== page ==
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On drug violence, Mexico must look inward

Medical personnel remove one of three bodies killed in drug violence in February in Monterrey, Mexico.

Story highlights

  • Ruben Navarrette: Drug violence has become so common in Mexico, some are used to it
  • He says some blame President Felipe Calderon, saying he should leave drug cartels alone
  • He says Calderon not perfect, but other problem is Mexicans' romanticization of drug outlaws
  • Navarrette: Mexicans share responsibility, should not be on side of drug lords in the battle
It used to be that when Americans thought of Mexico, they imagined a festive getaway where margaritas flowed, mariachis played, and every day was Cinco de Mayo.
Not anymore. Horrifying stories of random shootings, mass beheadings and mass graves have become commonplace. Gunmen think nothing of mowing down a couple dozen teenagers in a disco with machine guns and tossing grenades indiscriminately into crowds during holiday fiestas. Mexicans have almost become immune to carnage, it seems.
As a result of such wanton acts of terrorism, and government efforts to combat them, more than 47,500 have died in the last 5½ years. Many of the dead were believed by authorities to have been connected to the drug trade, but others were innocent civilians -- including women and children -- who just happened to be in the wrong place at the wrong time.
Many Mexicans wrongly put the blame for those deaths entirely on the shoulders of Mexican President Felipe Calderon. The argument goes that, if Calderon had only left the cartels alone, Mexico wouldn't be on fire.
Ruben Navarrette Jr.
Calderon is a convenient target because he has made it his personal mission to destroy Mexico's drug syndicates. We're talking about a half-dozen drug cartels, each of which rakes in hundreds of millions of dollars annually in a country so poor that the average laborer is lucky to earn $8 a day. The cartels' customers are mainly Americans, who consume more than their share of illegal drugs.
Is Calderon winning his war? Hard to say.
It's true that a few cartels have been weakened; government officials say that the drug syndicate La Familia has all but been destroyed. What they don't say is that, from the ashes, has arisen a new group called Knights Templar.
So the horror continues.
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Just recently, in a widely reported case, Mexican police found 49 mutilated bodies in a small town between the cities of Monterrey and Reynosa near the U.S.-Mexico border. Heads, arms and legs were chopped off, making it difficult for authorities to identify the dead.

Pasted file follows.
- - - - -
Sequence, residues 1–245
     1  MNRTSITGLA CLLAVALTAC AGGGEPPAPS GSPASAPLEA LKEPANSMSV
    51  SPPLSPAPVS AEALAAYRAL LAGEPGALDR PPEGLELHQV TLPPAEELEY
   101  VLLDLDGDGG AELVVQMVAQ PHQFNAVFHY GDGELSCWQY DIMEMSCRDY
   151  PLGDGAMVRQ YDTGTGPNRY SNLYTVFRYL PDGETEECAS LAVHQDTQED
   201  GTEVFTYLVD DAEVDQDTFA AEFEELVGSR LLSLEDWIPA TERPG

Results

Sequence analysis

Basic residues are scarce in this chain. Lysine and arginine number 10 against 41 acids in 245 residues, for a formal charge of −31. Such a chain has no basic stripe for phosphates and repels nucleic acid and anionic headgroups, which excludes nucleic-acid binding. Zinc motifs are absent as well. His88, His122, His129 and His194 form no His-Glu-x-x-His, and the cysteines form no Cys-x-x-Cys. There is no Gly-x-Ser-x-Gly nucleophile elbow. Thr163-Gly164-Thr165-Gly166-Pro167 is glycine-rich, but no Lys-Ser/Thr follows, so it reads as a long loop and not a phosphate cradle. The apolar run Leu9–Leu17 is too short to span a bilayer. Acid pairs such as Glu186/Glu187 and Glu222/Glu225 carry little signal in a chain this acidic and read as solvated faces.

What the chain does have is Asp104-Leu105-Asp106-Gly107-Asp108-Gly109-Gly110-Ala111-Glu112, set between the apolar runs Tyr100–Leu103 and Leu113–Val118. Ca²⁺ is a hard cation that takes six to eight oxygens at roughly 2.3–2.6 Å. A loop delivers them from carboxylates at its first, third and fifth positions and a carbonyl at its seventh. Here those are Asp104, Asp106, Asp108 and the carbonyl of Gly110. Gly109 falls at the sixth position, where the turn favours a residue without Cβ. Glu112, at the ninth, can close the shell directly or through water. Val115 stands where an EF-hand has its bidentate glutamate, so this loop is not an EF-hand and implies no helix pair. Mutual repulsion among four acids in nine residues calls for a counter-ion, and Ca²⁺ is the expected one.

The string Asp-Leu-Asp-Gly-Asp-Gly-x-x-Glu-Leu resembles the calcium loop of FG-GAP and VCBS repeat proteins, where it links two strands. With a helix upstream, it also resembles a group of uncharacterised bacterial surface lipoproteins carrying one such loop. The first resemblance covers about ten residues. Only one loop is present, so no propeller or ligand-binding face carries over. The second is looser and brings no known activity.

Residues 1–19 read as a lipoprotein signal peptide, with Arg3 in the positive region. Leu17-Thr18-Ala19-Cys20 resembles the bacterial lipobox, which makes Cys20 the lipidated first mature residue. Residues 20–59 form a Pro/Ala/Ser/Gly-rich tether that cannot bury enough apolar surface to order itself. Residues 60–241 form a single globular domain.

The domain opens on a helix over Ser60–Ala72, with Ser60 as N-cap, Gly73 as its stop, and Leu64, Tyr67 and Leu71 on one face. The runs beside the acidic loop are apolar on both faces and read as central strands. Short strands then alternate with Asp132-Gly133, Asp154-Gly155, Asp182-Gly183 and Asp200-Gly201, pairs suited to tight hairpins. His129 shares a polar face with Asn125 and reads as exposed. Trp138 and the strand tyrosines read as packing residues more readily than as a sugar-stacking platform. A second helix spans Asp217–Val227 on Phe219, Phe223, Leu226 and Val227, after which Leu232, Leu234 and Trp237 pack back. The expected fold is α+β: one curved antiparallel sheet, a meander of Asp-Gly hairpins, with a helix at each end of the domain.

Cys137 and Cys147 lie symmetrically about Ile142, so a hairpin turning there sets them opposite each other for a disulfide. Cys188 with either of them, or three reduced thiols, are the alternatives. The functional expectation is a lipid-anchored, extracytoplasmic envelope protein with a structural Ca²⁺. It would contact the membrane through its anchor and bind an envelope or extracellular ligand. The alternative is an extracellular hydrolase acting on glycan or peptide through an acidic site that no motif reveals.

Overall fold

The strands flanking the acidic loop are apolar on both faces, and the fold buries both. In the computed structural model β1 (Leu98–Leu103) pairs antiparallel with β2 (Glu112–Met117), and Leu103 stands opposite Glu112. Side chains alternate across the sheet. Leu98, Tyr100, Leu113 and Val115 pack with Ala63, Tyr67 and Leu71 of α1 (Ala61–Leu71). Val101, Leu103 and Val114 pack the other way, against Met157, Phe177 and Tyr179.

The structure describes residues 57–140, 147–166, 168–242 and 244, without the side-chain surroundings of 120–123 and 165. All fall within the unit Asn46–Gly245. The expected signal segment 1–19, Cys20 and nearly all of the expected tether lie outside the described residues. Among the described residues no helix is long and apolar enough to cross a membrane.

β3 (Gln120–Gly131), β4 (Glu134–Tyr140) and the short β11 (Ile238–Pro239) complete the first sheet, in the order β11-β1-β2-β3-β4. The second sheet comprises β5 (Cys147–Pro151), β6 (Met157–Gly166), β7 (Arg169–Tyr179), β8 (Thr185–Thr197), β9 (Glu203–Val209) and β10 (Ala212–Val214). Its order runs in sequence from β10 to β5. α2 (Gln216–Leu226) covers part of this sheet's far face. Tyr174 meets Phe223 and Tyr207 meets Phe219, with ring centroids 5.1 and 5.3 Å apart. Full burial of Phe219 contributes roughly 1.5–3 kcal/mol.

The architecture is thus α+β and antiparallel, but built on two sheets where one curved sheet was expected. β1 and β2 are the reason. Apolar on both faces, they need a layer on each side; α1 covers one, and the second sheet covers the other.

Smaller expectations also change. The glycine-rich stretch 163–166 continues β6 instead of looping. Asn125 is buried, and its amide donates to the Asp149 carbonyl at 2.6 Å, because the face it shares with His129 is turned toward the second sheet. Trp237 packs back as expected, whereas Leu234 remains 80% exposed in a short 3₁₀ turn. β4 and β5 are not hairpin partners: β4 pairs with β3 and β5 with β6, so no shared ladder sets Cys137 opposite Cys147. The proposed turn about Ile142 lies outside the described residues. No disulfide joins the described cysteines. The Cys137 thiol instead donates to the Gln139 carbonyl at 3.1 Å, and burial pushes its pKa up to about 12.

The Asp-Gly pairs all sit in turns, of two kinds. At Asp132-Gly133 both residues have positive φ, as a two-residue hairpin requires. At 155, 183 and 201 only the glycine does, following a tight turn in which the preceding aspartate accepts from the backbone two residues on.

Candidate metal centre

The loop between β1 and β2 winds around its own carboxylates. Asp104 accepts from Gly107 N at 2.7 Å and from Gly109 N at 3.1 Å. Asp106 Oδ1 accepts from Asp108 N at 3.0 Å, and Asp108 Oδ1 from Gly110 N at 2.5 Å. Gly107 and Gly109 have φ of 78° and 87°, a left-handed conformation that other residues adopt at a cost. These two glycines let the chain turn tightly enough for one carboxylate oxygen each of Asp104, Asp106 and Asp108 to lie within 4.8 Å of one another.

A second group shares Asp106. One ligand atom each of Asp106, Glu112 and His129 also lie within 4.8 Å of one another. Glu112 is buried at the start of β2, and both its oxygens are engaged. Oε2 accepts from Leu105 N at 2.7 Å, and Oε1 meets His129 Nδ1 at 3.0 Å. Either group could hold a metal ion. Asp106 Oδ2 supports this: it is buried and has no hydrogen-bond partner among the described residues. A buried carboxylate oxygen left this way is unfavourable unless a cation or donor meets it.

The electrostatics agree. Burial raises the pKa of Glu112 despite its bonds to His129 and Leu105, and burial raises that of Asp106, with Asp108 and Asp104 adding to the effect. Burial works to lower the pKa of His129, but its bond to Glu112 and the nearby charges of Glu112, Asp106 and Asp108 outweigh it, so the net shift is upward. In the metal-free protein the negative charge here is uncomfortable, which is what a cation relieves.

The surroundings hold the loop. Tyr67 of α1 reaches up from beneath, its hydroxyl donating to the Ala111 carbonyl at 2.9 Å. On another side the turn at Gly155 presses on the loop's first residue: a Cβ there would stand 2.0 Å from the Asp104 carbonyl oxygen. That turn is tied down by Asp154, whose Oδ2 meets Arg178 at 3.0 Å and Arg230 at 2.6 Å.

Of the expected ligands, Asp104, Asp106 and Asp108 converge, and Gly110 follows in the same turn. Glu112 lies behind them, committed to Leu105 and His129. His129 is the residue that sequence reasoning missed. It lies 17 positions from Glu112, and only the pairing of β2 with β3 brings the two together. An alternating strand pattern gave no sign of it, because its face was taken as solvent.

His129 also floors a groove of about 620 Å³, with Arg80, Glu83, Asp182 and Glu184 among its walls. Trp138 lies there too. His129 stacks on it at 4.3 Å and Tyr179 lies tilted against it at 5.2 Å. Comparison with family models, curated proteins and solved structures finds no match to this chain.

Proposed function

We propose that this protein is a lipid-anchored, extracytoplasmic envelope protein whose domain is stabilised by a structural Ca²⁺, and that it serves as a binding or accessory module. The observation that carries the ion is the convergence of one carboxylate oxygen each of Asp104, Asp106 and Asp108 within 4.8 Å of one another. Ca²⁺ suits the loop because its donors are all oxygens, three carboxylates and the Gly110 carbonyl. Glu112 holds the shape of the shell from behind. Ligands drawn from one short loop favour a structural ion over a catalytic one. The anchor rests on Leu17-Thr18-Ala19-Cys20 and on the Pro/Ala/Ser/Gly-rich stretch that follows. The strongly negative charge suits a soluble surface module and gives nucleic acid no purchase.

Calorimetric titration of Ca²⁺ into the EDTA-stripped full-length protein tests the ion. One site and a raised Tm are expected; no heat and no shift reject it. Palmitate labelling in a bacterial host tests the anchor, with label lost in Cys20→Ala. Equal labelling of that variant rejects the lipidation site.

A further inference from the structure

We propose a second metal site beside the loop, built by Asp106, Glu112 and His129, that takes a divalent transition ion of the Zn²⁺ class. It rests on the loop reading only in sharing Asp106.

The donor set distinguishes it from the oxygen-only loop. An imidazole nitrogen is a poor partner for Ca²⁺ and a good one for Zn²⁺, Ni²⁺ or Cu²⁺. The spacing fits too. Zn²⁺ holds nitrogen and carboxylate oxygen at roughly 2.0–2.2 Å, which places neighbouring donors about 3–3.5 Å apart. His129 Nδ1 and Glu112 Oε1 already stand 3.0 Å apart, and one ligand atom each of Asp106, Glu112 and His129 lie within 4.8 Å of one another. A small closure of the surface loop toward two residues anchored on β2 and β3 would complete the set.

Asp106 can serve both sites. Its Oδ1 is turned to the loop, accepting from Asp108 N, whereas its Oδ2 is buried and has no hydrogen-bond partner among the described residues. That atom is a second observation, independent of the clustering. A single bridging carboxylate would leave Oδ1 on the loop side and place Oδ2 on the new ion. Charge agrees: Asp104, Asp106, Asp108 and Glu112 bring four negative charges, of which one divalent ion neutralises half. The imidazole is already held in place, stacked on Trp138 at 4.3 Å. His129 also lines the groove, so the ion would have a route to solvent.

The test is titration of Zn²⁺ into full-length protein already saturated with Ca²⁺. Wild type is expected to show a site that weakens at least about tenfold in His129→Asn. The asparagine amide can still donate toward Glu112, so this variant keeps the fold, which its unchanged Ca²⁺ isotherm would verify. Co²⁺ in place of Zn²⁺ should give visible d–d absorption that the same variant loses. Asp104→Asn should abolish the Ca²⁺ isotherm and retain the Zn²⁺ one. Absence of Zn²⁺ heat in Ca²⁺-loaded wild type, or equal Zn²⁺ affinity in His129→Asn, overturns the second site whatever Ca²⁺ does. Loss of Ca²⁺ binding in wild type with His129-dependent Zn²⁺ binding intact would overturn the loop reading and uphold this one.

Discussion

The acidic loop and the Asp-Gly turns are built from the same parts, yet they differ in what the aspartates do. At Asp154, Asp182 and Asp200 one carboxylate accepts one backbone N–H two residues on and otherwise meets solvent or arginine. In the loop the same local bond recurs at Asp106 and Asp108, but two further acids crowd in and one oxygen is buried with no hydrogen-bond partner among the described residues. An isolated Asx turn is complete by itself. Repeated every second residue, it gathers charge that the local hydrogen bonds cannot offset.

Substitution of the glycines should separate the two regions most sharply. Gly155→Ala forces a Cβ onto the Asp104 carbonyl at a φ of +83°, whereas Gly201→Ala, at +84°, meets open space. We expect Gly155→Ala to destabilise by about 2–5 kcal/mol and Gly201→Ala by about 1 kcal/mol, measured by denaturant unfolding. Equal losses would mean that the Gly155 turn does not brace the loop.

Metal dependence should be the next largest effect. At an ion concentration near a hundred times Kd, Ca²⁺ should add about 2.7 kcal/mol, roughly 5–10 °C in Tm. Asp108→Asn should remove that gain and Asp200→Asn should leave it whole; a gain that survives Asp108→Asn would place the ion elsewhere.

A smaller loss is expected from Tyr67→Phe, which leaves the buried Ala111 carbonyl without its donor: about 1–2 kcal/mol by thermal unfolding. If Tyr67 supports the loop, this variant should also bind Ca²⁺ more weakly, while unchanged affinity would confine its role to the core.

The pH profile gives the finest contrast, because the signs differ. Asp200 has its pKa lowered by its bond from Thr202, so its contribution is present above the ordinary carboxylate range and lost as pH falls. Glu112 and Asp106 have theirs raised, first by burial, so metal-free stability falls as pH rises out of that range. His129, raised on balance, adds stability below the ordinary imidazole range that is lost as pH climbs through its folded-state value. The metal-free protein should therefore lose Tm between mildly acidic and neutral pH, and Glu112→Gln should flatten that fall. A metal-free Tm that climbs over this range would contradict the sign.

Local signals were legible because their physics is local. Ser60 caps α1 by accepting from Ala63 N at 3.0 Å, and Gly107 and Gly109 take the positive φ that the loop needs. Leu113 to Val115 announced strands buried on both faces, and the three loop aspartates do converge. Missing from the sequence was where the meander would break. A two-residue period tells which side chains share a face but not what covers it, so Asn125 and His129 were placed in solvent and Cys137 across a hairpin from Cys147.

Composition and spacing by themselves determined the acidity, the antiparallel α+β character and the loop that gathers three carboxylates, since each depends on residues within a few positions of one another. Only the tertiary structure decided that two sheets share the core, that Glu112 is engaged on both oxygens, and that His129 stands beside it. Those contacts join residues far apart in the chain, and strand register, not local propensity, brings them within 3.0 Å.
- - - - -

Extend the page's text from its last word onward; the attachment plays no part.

It's like a Shakespearean tragedy where every act is bloodier than the one before it, and they go on without end. A new generation of drug traffickers aiming to be bosses seems locked in a gruesome contest as to who can be the most vicious.
As for blame, Mexicans should at least dole it out correctly.
Calderon is responsible for his decision to use the Mexican military as the government's chief weapon against the cartels, in part because so many of the local police in Mexico are thought to be corrupt or corruptible. And so, when the military is accused of being heavy-handed with civilians and violating the rights of Mexican citizens, as it has been in recent years, that blame should go to Calderon.
But the Mexican people also bear a responsibility -- for empowering the drug lords. For decades, Mexicans have romanticized the drug trafficking industry in film, music and other aspects of popular culture. There are many "corridos" (Mexican ballads) that tell the story of the rise-from-nothing fellow who becomes the head of a powerful syndicate by relying on his wits and strength.
Recently, Mexican actress Kate del Castillo -- who coincidentally was cast as a powerful female drug lord in Telemundo's Spanish-language series "La Reina del Sur" -- tweeted that she has more faith in Mexican drug kingpin Joaquin "El Chapo" Guzman than she does in government.
Guzman heads the powerful Sinaloa Cartel, and once landed on Forbes' list of the world's richest people with an estimated net worth of $1 billion.
There are even so-called drug saints that some Mexicans pray to -- inspired by Robin Hood-like figures who are seen as protectors of the poor against the government. Of course, the Catholic Church doesn't recognize these saints, but this fact hasn't made them any less popular. One of the most popular of the "narco saints" is Jesús Malverde, named after a bandit, who legend has it, was killed by authorities in the early 1900s. Known as the "generous bandit" or the "angel of the poor," Malverde is a folk hero to some in the Mexican state of Sinaloa.
Mexico is in chaos. And many Mexicans are in shock. They don't know what to do, or even if they can do anything at all.
Well, they can do this: They can stop making folk heroes out of murderers and terrorists. They can stop writing poems and songs that honor drug traffickers and instead start praising the Mexican law enforcement officers who are bravely trying to bring these outlaws to justice. And they can support their government and stand by their president in fighting a battle that needed to be fought.
It's time to step up and take ownership of the drug war -- as well as the circumstances that made it necessary.
People on both sides of the border had a hand in helping make this mess. It's going to take people on both sides of the border to clean it up.